Comparison between source-induced dissociation and collision-induced dissociation of ampicillin, chloramphenicol, ciprofloxacin, and oxytetracycline via mass spectrometry

Seung Ha Lee, Dal Woong Choi

Research output: Contribution to journalArticle

6 Citations (Scopus)

Abstract

Mass spectrometry (MS) is a very powerful instrument that can be used to analyze a wide range of materials such as proteins, peptides, DNA, drugs, and polymers. The process typically involves either chemical or electron (impact) ionization of the analyte. The resulting charged species or fragment is subsequently identified by the detector. Usually, single mass uses source-induced dissociation (SID), whereas mass/mass uses collision-induced dissociation (CID) to analyze the chemical fragmentations Each technique has its own advantages and disadvantages. While CID is most effective for the analysis of pure substances, multiple- step MS is a powerful technique to get structural data. Analysis of veterinary drugs ampicillin, chloramphenicol, ciprofloxacin, and oxytetracycline serves to highlight the slight differences between SID and CID. For example, minor differences were observed between ciprofloxacin and oxytetracycline via SID or CID. However, distinct fragmentation patterns were observed for ampicllin depending on the analysis method. Both SID and CID showed similar fragmentation spectra but different signal intensities for chloramphenicol. There are several factors that can influence the fragmentation spectra, such as the collision energy, major precursor ion, electrospray mode (positive or negative), and sample homogeneity. Therefore, one must select a fragmentation method on an empirical and case-by-case basis.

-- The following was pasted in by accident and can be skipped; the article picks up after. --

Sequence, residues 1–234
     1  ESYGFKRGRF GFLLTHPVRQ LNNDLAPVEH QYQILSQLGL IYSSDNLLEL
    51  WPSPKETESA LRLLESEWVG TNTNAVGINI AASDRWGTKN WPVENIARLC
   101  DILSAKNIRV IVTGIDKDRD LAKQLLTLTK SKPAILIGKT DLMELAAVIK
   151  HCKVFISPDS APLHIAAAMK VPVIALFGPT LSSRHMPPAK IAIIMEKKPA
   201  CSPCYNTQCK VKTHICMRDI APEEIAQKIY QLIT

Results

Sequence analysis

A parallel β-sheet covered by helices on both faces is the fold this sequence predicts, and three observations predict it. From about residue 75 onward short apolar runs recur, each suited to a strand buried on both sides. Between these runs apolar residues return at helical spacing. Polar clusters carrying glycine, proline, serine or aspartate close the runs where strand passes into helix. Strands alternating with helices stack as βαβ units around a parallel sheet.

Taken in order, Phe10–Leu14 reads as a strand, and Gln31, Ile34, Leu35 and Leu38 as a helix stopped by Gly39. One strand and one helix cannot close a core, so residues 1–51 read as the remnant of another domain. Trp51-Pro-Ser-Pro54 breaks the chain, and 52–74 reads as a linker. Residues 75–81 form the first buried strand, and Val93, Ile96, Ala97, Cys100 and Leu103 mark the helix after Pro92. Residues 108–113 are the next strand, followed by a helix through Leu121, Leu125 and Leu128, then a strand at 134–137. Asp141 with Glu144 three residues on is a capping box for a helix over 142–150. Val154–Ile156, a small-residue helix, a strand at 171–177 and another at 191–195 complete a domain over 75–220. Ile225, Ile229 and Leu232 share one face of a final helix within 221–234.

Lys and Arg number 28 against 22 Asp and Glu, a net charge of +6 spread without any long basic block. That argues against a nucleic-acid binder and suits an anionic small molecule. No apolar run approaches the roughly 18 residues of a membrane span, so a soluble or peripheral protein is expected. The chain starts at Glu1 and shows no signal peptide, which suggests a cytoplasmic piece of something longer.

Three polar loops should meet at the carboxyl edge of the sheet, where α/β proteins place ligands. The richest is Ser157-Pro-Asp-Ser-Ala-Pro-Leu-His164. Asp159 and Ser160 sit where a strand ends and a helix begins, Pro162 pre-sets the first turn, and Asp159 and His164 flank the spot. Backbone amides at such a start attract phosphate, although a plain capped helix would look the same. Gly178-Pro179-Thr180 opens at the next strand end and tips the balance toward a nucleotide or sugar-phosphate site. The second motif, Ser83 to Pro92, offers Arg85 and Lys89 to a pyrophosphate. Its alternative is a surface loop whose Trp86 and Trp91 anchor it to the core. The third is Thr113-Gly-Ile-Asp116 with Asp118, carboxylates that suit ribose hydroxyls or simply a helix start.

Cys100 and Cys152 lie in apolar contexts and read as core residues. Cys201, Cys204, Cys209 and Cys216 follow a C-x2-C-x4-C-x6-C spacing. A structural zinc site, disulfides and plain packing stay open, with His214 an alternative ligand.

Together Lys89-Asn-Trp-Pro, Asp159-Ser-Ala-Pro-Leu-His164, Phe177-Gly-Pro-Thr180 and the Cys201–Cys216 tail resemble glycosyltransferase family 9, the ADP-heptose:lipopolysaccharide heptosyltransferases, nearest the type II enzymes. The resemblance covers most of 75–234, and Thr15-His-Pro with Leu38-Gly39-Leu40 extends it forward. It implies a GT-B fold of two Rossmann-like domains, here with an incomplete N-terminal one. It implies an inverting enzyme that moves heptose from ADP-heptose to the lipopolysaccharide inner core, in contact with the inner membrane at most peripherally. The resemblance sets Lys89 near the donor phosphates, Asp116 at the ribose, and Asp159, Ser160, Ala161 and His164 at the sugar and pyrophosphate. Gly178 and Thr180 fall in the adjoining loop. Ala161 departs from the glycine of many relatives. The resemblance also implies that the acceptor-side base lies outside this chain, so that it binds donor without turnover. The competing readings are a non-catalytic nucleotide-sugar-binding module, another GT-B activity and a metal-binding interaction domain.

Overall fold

Original languageEnglish
Pages (from-to)107-114
Number of pages8
JournalToxicological Research
Volume29
Issue number2
DOIs
Publication statusPublished - 2013

Keywords

  • Ampicillin
  • Chloramphenicol
  • Ciprofloxacin
  • Mass spectrometry
  • Oxytetracycline

ASJC Scopus subject areas

  • Toxicology
  • Health, Toxicology and Mutagenesis

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